• Avoid sunscreen & bug-spray combos. Apply sunscreen first, then apply bug spray.
  • Don’t use bug spray on babies under 6 months old
  • Don’t apply bug spray directly to your face – instead, spray it on your hands and rub it on your face, avoiding your eyes.
  • Avoid all damaged skin and wash your palms
  • Don’t breathe it in! Don’t spray it in enclosed areas.
  • Avoid using bug repellant candles, where you can inhale the toxic fumes
  • Avoid using aerosol sprays in pressurized containers. Instead, opt for pump sprays.

Use additional caution for young children and babies.

What Should You Opt For in A Safe And Effective Bug Spray?

This all depends on your preference and exposure to certain bugs (especially where you are in the world), but personally, I prefer insect repellant sprays with picaridin. Make sure to avoid all repellents with parabens, phthalates & synthetic fragrances.

Good Bug Protection Options

  • Natrapel Picaridin Repellent (my favorite!)
    • They also offer bug spray wipes (great for traveling!) – you can find them here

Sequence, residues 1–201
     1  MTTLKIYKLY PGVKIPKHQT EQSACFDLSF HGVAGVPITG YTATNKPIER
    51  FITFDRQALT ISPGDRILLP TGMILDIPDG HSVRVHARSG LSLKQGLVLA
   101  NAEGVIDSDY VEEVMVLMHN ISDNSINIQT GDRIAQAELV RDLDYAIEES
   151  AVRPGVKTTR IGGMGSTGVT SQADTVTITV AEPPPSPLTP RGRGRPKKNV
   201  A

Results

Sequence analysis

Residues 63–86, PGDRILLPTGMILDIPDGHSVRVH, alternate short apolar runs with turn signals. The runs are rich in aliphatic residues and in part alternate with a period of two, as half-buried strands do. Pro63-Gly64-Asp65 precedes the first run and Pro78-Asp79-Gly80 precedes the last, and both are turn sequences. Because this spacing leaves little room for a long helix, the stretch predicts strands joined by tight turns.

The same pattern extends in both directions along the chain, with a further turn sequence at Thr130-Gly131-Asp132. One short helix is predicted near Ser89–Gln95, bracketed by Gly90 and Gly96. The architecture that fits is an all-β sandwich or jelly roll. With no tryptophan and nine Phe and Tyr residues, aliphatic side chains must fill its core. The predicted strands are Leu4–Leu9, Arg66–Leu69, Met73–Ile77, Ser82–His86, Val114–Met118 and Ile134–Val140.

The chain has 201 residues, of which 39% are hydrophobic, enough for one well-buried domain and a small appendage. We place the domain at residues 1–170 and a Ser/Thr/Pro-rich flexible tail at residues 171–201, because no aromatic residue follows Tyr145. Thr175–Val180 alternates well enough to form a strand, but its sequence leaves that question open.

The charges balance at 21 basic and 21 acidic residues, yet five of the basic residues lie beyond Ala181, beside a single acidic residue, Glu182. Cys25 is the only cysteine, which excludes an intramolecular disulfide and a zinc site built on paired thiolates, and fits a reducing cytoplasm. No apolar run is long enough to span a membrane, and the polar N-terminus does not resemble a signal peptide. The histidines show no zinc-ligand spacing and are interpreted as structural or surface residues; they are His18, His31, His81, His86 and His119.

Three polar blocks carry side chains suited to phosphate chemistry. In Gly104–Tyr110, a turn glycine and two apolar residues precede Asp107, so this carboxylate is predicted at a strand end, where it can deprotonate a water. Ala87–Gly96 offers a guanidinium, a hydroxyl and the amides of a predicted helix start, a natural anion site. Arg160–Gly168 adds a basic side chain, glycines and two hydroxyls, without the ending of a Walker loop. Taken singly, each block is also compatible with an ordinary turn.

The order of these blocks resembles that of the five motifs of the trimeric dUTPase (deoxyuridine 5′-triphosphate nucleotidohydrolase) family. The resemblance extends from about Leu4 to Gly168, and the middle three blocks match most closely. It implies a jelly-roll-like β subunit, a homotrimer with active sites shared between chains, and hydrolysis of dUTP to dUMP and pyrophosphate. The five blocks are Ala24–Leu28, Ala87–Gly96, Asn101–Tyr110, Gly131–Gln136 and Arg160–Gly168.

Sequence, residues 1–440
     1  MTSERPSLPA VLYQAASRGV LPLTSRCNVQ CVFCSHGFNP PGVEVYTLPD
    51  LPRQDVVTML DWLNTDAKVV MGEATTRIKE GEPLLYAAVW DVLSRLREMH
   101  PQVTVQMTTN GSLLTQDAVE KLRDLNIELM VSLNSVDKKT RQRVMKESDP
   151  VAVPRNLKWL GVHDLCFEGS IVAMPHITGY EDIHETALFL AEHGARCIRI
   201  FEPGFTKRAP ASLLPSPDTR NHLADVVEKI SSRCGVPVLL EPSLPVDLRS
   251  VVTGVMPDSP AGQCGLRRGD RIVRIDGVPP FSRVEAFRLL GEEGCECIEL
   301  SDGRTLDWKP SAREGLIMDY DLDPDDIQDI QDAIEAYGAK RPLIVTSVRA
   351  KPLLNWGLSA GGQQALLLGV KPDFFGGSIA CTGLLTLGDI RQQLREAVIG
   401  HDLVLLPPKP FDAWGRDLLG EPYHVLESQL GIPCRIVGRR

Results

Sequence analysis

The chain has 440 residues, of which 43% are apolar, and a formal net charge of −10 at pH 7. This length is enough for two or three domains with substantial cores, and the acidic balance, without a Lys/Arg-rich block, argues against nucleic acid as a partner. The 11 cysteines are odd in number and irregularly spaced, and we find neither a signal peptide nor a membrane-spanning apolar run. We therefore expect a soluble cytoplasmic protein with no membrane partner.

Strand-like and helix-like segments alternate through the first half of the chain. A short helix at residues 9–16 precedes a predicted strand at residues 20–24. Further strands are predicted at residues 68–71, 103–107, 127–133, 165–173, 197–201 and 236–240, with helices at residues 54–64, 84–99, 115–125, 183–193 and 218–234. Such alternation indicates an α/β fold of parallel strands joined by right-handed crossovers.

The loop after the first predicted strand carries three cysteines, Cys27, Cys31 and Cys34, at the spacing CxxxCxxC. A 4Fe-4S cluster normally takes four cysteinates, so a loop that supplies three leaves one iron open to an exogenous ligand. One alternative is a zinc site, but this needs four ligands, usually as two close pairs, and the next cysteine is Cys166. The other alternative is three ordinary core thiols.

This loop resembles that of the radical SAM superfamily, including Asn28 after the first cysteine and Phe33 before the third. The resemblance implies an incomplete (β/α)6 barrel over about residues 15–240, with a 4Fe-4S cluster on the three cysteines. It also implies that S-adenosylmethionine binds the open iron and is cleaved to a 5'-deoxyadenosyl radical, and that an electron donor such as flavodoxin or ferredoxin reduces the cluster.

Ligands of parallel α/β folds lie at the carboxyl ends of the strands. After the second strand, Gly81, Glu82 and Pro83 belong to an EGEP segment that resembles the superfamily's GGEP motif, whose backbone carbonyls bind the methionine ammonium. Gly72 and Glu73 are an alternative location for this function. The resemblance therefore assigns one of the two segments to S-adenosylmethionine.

• At the bottom of the Natrapel website, they list all safety data sheets.
  • Off! Familycare Clean Feel (with picaridin). The other ingredients are water & ethanol.
    • Many of the other Off! brand bug sprays contain fragrance or other additives – be careful which SKU you’re buying. Most of the inactive ingredients do not need to be listed on the label, but sometimes you can find the full list of ingredients online. If the company is not fully transparent with what’s in their product, ditch em’.
  • If you’re opting for a repellent that uses essential oils (like natural ingredients with peppermint oil and rosemary oil), I’ve used Buzz Away in the past. I would not recommend using this in high-risk areas, as it is not always effective. Badger can also be a good option.
    • Diffuse lavender & geranium oil, which was shown in a 2009 study to repel mosquitos by 93% indoors and 58% outdoors. Take caution if pregnant or particularly have sensitive skin. [11]
  • If you’re in a high-risk area and want to use DEET (mostly on your clothing), Ben’s 30% is a good option.
  • Another option: Wearable netting, especially if you’re camping or gardening, to create a barrier against biting insects.
  • Opt for cotton or linen long-sleeved clothing in the summer, which is more breathable

It’s best to spray bug spray on clothing, not directly on your skin.

When comparing the risks of West Nile Virus, Lyme Disease & other diseases, any bug spray (especially when sprayed only on clothing) can be a better option than going without it. The risks of these naturally occurring bug-borne illnesses can be greater than the risks of the bug spray, but it’s best to opt for the repellent that will not only be effective but won’t cause long-term damage. Even the Environmental Working Group recommends using bug spray, like DEET and picaridin, to prevent bites.